Educators seek Prop. 227 fix

LAWSUIT: They want some of the initiative's provisions thrown out by the court.

Arguing that Proposition 227 is vague and tramples free speech, the California Teachers Association and other education groups filed a lawsuit Thursday to have part of the anti-bilingual initiative thrown out.

The suit, filed in federal district court in Los Angeles, challenges a clause of Proposition 227 that exposes teachers and school officials to lawsuits for violating the initiative.

The plaintiffs argue that the law is so unclear that teachers, principals and school board members don’t know what constitutes a violation. Proposition 227’s backers counter that the lawsuit is another fruitless attempt to circumvent the law.

Passed by 61 percent of state voters in June, Proposition 227 states that all California schoolchildren will learn English “by being taught in English,” and that, except in limited cases, students must be taught “overwhelmingly” in English.

The measure was written by Ron Unz, a Silicon Valley millionaire. It seeks to end bilingual education, a practice in which non-English-speaking students learn academic subjects in their native language, then gradually transition into English.

Teachers “are concerned that the way the statute is written is overly vague and does not direct educators in what to do to comply with the law,” said Priscilla Winslow, a CTA staff attorney who helped write the lawsuit.

Some teachers also worry that they could be sued for using Spanish or other foreign languages on the playground or to tutor students, Winslow said. Although they know of no lawsuits against teachers to date, “Mr. Unz has been threatening that on a very frequent basis,” she said.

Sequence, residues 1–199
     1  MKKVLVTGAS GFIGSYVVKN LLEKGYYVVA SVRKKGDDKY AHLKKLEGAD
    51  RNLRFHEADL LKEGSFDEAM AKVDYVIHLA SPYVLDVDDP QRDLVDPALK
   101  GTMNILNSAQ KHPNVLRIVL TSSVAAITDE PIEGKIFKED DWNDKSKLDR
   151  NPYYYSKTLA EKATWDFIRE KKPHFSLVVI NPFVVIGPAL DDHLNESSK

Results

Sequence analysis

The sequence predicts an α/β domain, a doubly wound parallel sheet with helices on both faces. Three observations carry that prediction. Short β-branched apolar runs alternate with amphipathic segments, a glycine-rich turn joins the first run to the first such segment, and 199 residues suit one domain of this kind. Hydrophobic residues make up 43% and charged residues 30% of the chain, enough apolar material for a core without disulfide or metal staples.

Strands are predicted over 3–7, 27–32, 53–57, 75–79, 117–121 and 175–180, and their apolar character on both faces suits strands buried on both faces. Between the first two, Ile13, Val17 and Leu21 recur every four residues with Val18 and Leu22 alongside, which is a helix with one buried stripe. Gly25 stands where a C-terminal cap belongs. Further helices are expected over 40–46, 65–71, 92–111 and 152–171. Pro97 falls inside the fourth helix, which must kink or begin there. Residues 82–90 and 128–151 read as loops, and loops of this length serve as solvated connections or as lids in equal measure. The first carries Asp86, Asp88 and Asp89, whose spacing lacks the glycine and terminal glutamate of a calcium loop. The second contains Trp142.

Sheri Annis, spokeswoman for the pro-227 English for the Children campaign, said the law tried to be flexible, not vague. “This lawsuit is simply another effort to eliminate accountability from the classrooms,” she said.

She said the law clearly applies to classroom instruction only. Plus, she said, teachers can be sued for “willfully and repeatedly” violating the law, not for using a few words of Spanish in class.

Steve Blum, president of the Ventura Unified Education Association, supports the lawsuit. He said local teachers do worry about being sued and think the law is vague.

“I’ll follow the law, but tell me what it is,” Blum said.

The suit was filed by the CTA, the Association of California School Administrators, the Association of Mexican American Educators, the California Association for Asian-Pacific Bilingual Education and the National Association of Bilingual Educators.

Defendants include Gov. Pete Wilson, the state Board of Education and State Superintendent Delaine Eastin, Winslow said.

Since 227’s passage, two other lawsuits have been filed challenging part or all of the initiative. So far, no part of the measure has been ruled illegal, according to the 227 campaign.

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